On the other hand, the days of extraordinary deals are long over. If you plan on getting a repo car almost for free, think again. There is a reserve price for every item on an auction. If the highest bid does not exceed this, the car won’t be sold. More often than not, the reserve price is pretty high. If you add the auction costs to it, it may simply not be worth it.
That said, you can still find some pretty sweet repo deals. Just make sure to take our points of notice into consideration.
This heading may be a little misleading. Of course, every repo car still has outstanding finance on it. What you need to be absolutely sure about is that you won’t be responsible for paying it off.
To be on the safe side, you should opt for a car history check with one of the many UK service providers in this field. These usually cost between 10 to 30 Pounds. Don’t hesitate to invest that amount.
This is almost too obvious to even deserve a mention. But we’ll address it anyway: if someone can’t afford to pay the loan instalments for their car, they usually won’t be able to provide proper maintenance either.
This means that many repo cars are not in a great state. They need not be total wrecks, either. In fact, since many repossessed models tend to be quite young, they may outwardly look excellent.
Just be sure to thoroughly check what’s underneath the hood, if you do get the opportunity. Since this may not always be possible, you need to be aware that you could end up with a lemon.
There are thankfully a few things you can do to improve your chances of that not happening. One of them is going for that vehicle history check we already mentioned.
Make sure this check includes a seamless maintenance history, including the MOTs. These will give you valuable insights on the condition of the car and potential issues.
“If you’re looking at an ex-repossession that’s for sale, don’t even consider buying unless its maintenance history can be confirmed as sufficient.”
This suggestion is certainly up for debate. For one, cars last a very long time these days. 200,000 miles are by no means uncommon. And if you treat your vehicle well, you can easily expect it to last for 15-20 years or more.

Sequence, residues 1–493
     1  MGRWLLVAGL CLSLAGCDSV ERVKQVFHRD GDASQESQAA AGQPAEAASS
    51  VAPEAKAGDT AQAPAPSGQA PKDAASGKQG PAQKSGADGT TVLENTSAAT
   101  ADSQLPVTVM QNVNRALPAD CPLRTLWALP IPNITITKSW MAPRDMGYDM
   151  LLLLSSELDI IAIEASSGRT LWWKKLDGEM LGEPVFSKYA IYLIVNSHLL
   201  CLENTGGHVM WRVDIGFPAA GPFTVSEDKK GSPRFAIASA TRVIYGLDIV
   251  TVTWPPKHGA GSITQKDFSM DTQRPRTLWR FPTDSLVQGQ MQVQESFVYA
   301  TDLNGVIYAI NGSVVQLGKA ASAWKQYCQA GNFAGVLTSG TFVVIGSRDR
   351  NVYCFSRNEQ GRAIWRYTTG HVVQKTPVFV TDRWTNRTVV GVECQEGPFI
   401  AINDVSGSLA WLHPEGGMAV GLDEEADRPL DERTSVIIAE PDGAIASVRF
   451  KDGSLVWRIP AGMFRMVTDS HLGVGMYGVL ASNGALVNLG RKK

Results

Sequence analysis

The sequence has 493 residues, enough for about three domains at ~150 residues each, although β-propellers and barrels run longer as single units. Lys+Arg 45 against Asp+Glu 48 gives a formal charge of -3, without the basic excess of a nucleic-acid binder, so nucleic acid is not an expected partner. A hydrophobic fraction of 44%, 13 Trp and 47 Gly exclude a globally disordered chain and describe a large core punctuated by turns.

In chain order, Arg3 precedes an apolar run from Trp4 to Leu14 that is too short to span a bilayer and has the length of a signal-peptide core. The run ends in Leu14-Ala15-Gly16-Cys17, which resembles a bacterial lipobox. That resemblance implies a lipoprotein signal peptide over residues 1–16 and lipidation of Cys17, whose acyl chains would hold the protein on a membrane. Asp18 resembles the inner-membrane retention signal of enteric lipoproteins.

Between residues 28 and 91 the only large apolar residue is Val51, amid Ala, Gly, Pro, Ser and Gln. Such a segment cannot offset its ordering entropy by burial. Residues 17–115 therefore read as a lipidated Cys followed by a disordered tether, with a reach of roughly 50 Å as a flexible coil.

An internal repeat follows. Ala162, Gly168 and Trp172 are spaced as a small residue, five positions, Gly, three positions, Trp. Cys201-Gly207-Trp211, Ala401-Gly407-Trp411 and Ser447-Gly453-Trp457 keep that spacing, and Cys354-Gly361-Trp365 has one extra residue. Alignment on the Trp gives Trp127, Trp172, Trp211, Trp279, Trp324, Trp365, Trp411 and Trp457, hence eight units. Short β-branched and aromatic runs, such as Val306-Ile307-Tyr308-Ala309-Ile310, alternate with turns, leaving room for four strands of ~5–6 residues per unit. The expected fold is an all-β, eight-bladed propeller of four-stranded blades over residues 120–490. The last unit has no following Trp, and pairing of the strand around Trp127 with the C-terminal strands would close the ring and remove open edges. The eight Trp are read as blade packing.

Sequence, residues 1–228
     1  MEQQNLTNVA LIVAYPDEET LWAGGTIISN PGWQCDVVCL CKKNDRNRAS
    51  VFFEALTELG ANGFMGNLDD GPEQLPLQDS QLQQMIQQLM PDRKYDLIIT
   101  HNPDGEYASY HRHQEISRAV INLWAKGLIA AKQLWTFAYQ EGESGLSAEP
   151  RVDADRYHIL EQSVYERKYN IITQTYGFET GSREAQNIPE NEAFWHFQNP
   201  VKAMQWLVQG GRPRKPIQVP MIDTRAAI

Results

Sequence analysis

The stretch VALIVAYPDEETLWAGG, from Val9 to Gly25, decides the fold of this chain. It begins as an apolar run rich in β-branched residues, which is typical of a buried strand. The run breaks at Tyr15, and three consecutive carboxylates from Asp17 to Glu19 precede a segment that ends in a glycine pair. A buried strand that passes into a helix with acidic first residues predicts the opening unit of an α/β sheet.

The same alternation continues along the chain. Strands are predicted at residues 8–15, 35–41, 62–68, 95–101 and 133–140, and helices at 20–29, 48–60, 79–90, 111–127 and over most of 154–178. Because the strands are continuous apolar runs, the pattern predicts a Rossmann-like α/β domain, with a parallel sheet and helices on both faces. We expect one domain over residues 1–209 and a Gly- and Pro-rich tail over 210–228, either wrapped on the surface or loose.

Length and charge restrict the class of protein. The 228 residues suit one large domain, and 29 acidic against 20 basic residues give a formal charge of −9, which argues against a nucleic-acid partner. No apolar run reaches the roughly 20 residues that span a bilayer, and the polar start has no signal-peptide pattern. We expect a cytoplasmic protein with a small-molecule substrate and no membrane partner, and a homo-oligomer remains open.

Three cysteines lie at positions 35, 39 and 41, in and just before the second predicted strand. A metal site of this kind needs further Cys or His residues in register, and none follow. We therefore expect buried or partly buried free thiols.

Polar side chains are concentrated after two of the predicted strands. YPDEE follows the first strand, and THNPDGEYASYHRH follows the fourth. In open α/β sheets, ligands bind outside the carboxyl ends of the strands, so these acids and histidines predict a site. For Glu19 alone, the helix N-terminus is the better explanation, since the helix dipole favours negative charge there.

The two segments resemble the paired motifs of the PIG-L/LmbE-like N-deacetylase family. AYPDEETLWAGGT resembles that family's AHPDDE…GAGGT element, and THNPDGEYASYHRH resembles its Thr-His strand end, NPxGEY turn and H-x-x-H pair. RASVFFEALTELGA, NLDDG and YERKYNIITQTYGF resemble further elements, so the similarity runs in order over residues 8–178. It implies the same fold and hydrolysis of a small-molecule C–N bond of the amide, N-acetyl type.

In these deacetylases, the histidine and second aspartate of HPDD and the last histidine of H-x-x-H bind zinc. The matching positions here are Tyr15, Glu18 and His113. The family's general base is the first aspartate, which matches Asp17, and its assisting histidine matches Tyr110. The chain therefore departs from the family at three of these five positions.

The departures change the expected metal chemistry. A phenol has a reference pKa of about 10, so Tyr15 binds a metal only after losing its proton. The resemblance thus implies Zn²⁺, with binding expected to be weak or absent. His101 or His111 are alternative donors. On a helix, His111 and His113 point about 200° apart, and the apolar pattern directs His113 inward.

Secondly, not all repo cars are total disasters. You really can find great deals and not all of them have to be as good as new.
The main issue with a repo car is the risk you’re taking when buying one. This is mainly because you usually won’t be able to have it tested as thoroughly as you could with a regular used car. Auction sites will typically not allow this, which means you’ll have to buy as seen.
Especially if your budget is very small, this is a dangerous strategy. Just imagine buying a car and then still having to perform expensive repairs before you can even think about driving it!
As we’ve said several times before, repossessed vehicles can be great. But if you want to minimise your risk, you should trade in potential financial gain in favour of more security.
There are a few ways of doing this. One thing is to avoid buying directly from the lender. Yes, you can get excellent prices this way. And in some cases, you can even get the financing required to buy the car in the first place.
But lenders like banks or credit unions have very little love for cars. They won’t repair them or try to clean them up. These cars accordingly look pretty run down and may require an overhaul. As with an auction, it’s very unlikely you’ll be able to test or inspect the car prior to committing to the purchase.
Instead, think about a repo reseller service. These, as Autotrader explain, “move the inventory from lender to buyer, without taking ownership” and often “keep up a standard for the condition of the cars.”
Of course, you can also buy repo cars from dealers. After all, many dealers use auctions to snap up lucrative car deals and will also lay their hands on repo cars.
In both cases, you will have to crunch some numbers to determine if things are still worth it. The safer the deal, the more expensive it obviously gets. And thus, you may, in some cases, end up paying more than you should for your car.
The great thing is that you may not need to take all this risk on board. After all, there are plenty of alternatives to repo cars, some of which can offer you great deals as well:
These options are often as attractive as a repo car, but come without the latter’s disadvantages and risks. This is why we generally recommend against buying one and opting for a safer bet instead.
If you are adamant about going repo, then you should now at least have everything you need to know to take the best possible decision.
29 August 2022 Concept Car